Twenty-five years ago I wrote a book and I haven’t looked back since.
Writing can help with solving problems, coping with setbacks, relieving stress, setting goals, shaping visions, planning success and achieving things you never thought possible.
The book was titled What’s The Story – True Confessions Of The Irish Soccer Supporters. It chronicled the exploits of the Irish fans during Euro 88 and Italia 90. I was hoping it would help turn my life around – and it did – but not in the way I thought.
I was hoping to become a literary sensation overnight, with riches to follow. After all, the Irish soccer supporters were loved by all. They took over the Island of Malta in 1989, qualified for the world cup in Italia 90 and captured the hearts of the soccer world. Sure even the pope got in on the act.
The Irish nation went ballistic and 4 million people became soccer fans. It couldn’t go wrong. Millionaire status was around the corner.
But it wasn’t to be. Tracking down the stories of the Irish soccer supporters proved costly.
Most of the stories were documented in pubs. The sessions where mighty but the writing was dodgy. I woke up most mornings with no memory, no notes and no stories. Then I had a brain wave. Buy a dictaphone. So I did.
It took me two weeks to master it – and then I pressed the wrong button and deleted everything. The Dictaphone met its waterloo after a night in the Submarine bar in Crumlin. I went back to a house party and it slipped from my hand into a bowl of punch.
There was another problem. I didn’t drive, and was cycling around Dublin collecting stories. The cycling didn’t bother me; I was fit and could go for hours – till I got drunk. I lost 3 bikes, 2 jobs and broke several bones.
To top it all off, I had no clue of the publishing world, and discovered most of the proceeds went to the publisher and bookshops.
So I ended up penniless. In fact I owed money, and was still paying back for the dictaphone and a bike I lost.
But I wouldn’t change it for the world. It was an incredible 18 months – spent with some of the funniest and most adorable people in the world.
The connections and friends I made were also invaluable – and the stories were incredible; in particular the ones from Italia 90.
But most importantly, the book was a mental milestone. The previous fifteen years had been difficult and I needed to prove to myself I was good at something. And it worked. When the book was published – my confidence soared and it gave me a renewed sense of hope.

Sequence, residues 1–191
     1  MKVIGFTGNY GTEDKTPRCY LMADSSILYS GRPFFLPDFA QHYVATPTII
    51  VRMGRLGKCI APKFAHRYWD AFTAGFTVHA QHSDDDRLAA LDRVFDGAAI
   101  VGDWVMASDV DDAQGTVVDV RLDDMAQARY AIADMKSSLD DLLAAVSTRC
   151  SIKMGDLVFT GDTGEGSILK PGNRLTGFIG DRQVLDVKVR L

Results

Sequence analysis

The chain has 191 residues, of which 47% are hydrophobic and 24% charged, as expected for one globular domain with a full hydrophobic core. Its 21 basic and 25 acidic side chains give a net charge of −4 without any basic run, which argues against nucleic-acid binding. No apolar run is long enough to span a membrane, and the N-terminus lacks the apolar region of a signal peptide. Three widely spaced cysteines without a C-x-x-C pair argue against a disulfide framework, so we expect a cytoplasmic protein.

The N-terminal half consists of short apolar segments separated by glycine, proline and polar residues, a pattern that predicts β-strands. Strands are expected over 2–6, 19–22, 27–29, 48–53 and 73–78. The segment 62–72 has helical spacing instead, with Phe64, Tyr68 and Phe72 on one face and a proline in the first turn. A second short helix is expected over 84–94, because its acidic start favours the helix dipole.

I start applying for jobs using my author status as a CV. It was all I had. I’d left school at 14, and by the time I’d reached thirty, I hadn’t a skill to my name. Except for soccer – and the fact I’d represented Ireland. But now I’d written a book. Surely that would stand for something?
So I applied for an administration job in a local Youthreach centre. I would be good at that, I thought. So I was bamboozled when I went for the interview and was asked to type a letter from a computer.
The manager looked at me and we both laughed. I hadn’t a clue about computers, and certainly couldn’t type. Sure if the truth were known I couldn’t even spell.
“It’s ok” – she said. “I didn’t bring you here for an administration job. I’m more interested in your soccer background. The trainees need activity and we need a soccer coach – would you be interested”?
A feeling of excitement washed over me like never before. “Wow – “that would be amazing, but I have no coaching qualifications”. “That’s ok” she answered – “If you can write a book I’m sure you can be good at coaching”.
Her name was Helena Caulfield and her belief in my ability to become a coach changed my life.
So there it is – that’s how writing changed the game. It started a positive cycle that led to several other game changers. It also continues to play a major role in my life today.
Writing is my main choice of therapy as mental challenges crop up along the way. It’s helped me write much of the educational and marketing materials at my college. I’ve written two books since the one mentioned here – and will write more.
I cant recommend writing highly enough – and for anyone who thinks they cant write – here’s another story. When I re-entered education at the age of 30 my literacy skills were weak because of my early school leaving – but I got help, and within three months was obsessed with writing. I haven’t stopped since. So if I can do it, anyone can.
I believe that writing has played a role in the success of my training company and I believe it will do the same in the next chapter of my life: the Winning Minds Movement.
It changed the game for me and it could change it for you.
DOK – founder – Winning Minds Movement
Next up: How soccer changed the game